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Owning up to mistakes the best policy

Updated: Nov 4, 2022

Q : My business partner and I disagree on how we should handle a situation at work. We made a decision that turned out to be a pretty big mistake and it impacted our team in a negative way. I think we should acknowledge to the team that it was a mistake but my partner things we shouldn’t and that we should just move on. Who’s right?

A: What a great question. In short, in my opinion, you are. I would argue the key to regaining the respect and trust of your team is contingent upon your willingness to accept responsibility for your decision and its impact on the team.

There is often a perceived notion that leaders should hide weaknesses and mistakes. I disagree. Admitting you made a mistake is a sign of strength, maturity and a great leader.

Employees look to see how leaders respond to challenges before they’ll fully accept that person’s leadership. Your team will follow your lead and likely take more ownership of their roles & actions. Further, when they do make a mistake, they will take responsibility for it instead of trying to cover it up, which can happen. Acknowledging your mistake will actually increase trust and builds a culture that fosters team & innovation.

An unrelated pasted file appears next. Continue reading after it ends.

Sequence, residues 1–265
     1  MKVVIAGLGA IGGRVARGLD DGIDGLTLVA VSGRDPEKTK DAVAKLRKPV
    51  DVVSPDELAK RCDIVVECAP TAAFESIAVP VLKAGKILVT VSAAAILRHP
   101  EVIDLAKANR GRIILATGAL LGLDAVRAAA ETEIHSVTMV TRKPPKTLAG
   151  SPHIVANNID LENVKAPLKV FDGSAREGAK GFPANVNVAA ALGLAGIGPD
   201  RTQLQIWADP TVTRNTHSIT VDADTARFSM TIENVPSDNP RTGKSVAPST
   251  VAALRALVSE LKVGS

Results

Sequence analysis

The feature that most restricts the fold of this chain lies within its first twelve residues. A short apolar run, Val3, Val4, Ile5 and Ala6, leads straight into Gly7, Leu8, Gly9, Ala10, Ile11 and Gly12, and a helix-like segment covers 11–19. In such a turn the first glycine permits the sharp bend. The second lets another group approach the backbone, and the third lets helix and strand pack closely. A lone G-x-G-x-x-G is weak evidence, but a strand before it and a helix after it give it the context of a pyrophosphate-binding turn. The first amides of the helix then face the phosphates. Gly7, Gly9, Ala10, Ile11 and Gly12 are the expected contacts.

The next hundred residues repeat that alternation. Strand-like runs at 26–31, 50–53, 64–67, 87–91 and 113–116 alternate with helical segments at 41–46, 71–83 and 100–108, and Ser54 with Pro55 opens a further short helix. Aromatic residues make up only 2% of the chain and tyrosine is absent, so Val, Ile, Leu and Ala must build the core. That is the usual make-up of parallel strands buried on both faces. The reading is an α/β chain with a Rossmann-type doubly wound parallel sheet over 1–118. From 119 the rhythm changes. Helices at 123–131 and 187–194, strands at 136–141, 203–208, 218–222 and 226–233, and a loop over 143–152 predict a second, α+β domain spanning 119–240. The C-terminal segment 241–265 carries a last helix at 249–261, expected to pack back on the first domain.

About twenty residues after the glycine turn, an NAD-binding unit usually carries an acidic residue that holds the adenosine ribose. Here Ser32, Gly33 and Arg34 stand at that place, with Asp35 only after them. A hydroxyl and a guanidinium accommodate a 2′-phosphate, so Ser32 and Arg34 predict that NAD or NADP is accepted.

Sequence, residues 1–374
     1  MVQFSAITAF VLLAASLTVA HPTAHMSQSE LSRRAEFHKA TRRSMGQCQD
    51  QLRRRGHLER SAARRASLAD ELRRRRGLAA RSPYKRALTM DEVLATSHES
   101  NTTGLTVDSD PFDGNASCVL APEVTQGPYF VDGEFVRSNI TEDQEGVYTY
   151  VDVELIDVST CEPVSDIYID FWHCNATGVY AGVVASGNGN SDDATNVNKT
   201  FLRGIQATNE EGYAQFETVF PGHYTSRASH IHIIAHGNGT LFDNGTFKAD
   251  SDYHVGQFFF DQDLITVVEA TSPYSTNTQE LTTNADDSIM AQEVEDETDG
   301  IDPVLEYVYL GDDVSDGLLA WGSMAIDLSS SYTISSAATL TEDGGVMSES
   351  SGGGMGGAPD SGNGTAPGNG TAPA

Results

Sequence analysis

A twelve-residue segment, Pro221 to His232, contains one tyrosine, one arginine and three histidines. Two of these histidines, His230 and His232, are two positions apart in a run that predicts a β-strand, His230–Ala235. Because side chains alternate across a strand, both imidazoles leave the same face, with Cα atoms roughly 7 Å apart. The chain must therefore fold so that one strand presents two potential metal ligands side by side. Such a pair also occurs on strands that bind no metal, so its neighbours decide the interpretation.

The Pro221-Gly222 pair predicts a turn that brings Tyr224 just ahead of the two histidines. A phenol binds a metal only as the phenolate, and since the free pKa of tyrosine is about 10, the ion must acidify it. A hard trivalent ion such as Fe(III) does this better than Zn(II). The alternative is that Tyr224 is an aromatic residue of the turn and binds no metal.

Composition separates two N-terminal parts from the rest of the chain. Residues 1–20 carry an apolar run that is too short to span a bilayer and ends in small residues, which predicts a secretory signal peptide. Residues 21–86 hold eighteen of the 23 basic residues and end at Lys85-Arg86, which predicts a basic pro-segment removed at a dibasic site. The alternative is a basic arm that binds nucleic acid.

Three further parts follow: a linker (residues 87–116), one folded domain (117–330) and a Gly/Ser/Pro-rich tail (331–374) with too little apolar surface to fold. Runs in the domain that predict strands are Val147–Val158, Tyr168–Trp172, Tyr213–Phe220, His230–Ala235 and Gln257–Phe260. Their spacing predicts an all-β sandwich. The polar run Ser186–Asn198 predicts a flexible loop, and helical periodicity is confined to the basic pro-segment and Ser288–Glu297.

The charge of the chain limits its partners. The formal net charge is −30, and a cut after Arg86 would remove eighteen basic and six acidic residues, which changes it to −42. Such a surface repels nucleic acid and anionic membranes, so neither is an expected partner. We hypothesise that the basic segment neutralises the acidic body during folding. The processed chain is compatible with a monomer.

Admitting a mistake does take courage and practice. Here’s how it’s done:

  1. Say “I’m sorry” or “I apologize”– it’s got to be sincere or don’t bother. An insincere apology will make matters worse.

  2. Own your actions by saying what you regret about your actions. Don’t make excuses or defend your position. The buck stops with you.

  3. Say what you are doing to fix it and/or would do differently next time.

  4. Then do it – follow through. Your words and your actions must align.

My advice is do it sooner then later. You might be surprised how good you and your team feel once you’ve done it.

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